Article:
Community Supported Agriculture (CSA): an arrangement whereby customers pay growers in advance of the growing season for a guaranteed share of the season’s harvest.
Background: In summer 2014 we investigated CSA prices that farm operations advertised on websites and producer association listings. Our goal was to have a better understanding of prices that farmers were charging for a standard summer vegetable share. This is the third year we have collected CSA pricing data, so we are able to track how pricing has changed, and also make county comparisons. Below is a SUMMARY of our findings, as well as a FULL LIST (pages 2-5) of the 92 CSAs and their prices that were included in the study.
We found CSA pricing data for 92 farm operations. Standard summer vegetable shares were typically listed as July to October, and featuring vegetables, herbs, and sometimes flowers or small fruit. We did not attempt to compare the contents of CSA shares, nor did we evaluate pricing for add-on items such as flower shares, fruit shares, meat shares, egg shares, etc. When a range of weeks was promised for a given CSA share price (i.e. 16-18 weeks), the average number was used (i.e. 17 weeks).
Average weekly price of 2014 Summer Vegetable CSA = $31 Maximum price = $50
Minimum price = $15
Standard Summer Vegetable CSA Pricing in CT: $31/share
Fairfield County- $31
Hartford County- $30
New Haven – $32
New London- $33
To download the full summary and a listing of CSAs in Connecticut, please click here.
In 2006, after several 4 to 6-inch rainstorms, and having to contend with 4-foot deep erosion gullies in his sweet corn fields, Nelson Cecarelli of Cecarelli Farm decided he needed a better way to farm the rolling hills of Northford and Wallingford. After speaking with several growers and an equipment dealer from upstate New York about a form of reduced tillage, known as deep zone tillage (DZT), he contacted UConn Extension Educator Jude Boucher, for advice and for help transitioning to this new type of field preparation system. Together they researched reduced-till options and practices, including different deep zone tillage machines.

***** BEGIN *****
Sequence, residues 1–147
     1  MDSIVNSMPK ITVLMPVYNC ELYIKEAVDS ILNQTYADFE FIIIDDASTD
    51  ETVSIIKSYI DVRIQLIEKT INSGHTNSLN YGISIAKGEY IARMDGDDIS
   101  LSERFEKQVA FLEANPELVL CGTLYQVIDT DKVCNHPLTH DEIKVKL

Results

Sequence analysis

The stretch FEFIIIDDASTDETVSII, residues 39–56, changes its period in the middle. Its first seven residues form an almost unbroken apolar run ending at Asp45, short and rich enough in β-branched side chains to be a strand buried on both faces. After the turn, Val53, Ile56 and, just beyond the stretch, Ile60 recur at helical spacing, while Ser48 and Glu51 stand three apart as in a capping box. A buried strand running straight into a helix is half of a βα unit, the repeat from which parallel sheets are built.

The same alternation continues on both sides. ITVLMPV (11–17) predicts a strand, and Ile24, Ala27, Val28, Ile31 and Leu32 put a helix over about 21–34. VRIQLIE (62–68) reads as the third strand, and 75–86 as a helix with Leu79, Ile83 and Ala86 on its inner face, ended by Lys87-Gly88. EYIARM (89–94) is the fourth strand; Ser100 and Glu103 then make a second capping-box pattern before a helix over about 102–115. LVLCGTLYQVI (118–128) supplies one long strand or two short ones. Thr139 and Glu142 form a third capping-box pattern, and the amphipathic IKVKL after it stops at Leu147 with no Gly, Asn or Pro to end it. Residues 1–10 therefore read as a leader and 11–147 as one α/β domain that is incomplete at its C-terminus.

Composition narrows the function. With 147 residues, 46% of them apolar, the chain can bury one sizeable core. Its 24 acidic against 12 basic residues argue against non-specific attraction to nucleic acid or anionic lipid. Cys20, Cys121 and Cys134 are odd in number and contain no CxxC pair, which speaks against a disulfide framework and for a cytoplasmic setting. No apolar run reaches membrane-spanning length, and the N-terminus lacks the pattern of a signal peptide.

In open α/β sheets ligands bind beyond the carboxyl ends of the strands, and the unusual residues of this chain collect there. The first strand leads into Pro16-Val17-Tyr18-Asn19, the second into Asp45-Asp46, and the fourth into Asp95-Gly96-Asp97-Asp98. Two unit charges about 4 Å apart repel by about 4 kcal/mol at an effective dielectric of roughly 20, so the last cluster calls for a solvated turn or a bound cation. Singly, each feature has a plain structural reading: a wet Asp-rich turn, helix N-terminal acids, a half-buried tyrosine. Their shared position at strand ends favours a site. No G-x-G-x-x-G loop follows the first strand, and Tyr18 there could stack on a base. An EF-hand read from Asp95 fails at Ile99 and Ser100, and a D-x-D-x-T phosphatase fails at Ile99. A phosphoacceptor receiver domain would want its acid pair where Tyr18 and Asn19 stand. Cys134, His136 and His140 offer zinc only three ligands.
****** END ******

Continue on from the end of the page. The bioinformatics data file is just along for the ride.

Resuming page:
The DZT machine allows a grower to just prepare a narrow seed bed, only inches wide, rather than exposing the surface of the whole field to wind and rain. It also allows farmers to till deeply, right under the crop row, with a 24-inch shank, to loosen any hardpan that has formed after years of using a plow and harrow. This allows the soil to absorb and retain more water and allows the plants to extend their roots deeper into the soil. The system also improves soil quality over time.
UConn Extension and Nelson co-wrote and participated in a pair of grants aimed at documenting the benefits and problems encountered while using DZT compared with conventional ways of field preparation. With the success of the new system, a second goal was convincing other growers to adopt DZT. Jude and Nelson also recruited a second farmer, Tom Scott of Scott’s Yankee Farmers in East Lyme, who bought a machine and joined them on their mission in 2008. UConn Extension helped conduct Soil Health Tests on most fields on the two farms to quantify compaction, organic matter content, and several other important physical, biological and chemical characteristics of a healthy soil so improvements could be monitored over time.